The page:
A urostomy is a type of surgery which enables urine to exit the body through a stoma after removal of a diseased or damaged portion of your urinary tract.1
With a urostomy, urine flows through your stoma as it is produced, so a pouching system is necessary. All urostomy pouches have a drainage tap on the bottom, allowing you to empty the contents of the pouch repeatedly throughout the day.
An ileal conduit is a common type of urostomy. If you need an ileal conduit, your bladder must be removed due to disease or injury.
In this surgery, a part of the small intestine is cut and clamped shut at one end. This creates a new urine container or "bladder." The two ureters (tubes) that carry urine from the kidneys are attached to this new bladder and the open end of the new bladder is then brought out through your abdominal wall, to create a stoma.1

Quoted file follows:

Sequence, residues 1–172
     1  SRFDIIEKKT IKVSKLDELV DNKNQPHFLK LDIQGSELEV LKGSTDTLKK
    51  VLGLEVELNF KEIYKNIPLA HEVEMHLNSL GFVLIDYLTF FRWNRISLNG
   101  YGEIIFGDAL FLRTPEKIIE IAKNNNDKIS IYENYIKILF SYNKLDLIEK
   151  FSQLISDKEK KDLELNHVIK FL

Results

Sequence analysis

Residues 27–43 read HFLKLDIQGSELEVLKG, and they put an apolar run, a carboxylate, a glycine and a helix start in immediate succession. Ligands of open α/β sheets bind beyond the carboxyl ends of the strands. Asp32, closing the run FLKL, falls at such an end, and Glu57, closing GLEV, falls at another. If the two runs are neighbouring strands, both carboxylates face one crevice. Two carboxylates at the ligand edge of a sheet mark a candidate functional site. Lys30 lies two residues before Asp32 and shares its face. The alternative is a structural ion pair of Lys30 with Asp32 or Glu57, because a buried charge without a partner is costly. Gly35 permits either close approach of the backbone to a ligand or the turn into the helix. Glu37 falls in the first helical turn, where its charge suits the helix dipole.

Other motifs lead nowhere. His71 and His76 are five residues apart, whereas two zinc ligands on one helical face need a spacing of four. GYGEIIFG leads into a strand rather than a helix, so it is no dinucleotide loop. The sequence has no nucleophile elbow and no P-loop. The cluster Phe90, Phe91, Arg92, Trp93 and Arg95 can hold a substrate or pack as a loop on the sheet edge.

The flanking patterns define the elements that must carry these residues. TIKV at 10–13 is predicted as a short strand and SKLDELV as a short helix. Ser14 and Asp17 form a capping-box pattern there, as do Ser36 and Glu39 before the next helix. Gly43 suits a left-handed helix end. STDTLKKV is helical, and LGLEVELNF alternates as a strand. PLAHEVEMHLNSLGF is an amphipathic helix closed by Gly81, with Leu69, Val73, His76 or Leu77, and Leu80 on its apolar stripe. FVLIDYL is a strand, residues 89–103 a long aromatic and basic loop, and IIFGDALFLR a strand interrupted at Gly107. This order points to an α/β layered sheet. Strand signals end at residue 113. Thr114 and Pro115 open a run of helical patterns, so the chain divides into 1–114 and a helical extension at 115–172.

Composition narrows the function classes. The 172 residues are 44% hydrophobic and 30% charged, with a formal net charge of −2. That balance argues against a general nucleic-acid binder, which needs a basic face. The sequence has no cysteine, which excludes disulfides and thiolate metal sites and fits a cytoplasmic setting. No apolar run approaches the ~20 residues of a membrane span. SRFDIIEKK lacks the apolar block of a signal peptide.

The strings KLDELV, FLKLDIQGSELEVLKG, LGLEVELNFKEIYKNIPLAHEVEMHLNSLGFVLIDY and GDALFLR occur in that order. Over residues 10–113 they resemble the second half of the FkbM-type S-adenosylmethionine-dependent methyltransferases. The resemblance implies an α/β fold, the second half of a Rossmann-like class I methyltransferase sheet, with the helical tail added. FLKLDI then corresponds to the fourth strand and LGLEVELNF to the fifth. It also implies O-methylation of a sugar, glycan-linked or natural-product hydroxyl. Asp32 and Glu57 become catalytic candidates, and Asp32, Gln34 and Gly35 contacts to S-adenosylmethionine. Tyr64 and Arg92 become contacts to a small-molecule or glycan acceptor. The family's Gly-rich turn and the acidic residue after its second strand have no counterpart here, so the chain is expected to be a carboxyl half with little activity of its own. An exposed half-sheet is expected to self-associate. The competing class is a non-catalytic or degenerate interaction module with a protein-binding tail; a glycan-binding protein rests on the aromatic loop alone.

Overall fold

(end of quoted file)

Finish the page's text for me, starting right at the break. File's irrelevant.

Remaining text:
In an ureterostomy, one or both ureters (urine tubes) are redirected from the kidney through the abdominal wall to form a stoma.1
This is a very rare procedure. This type of surgery is most often seen as a temporary measure in some pediatric patients, and is rarely meant to be permanent.1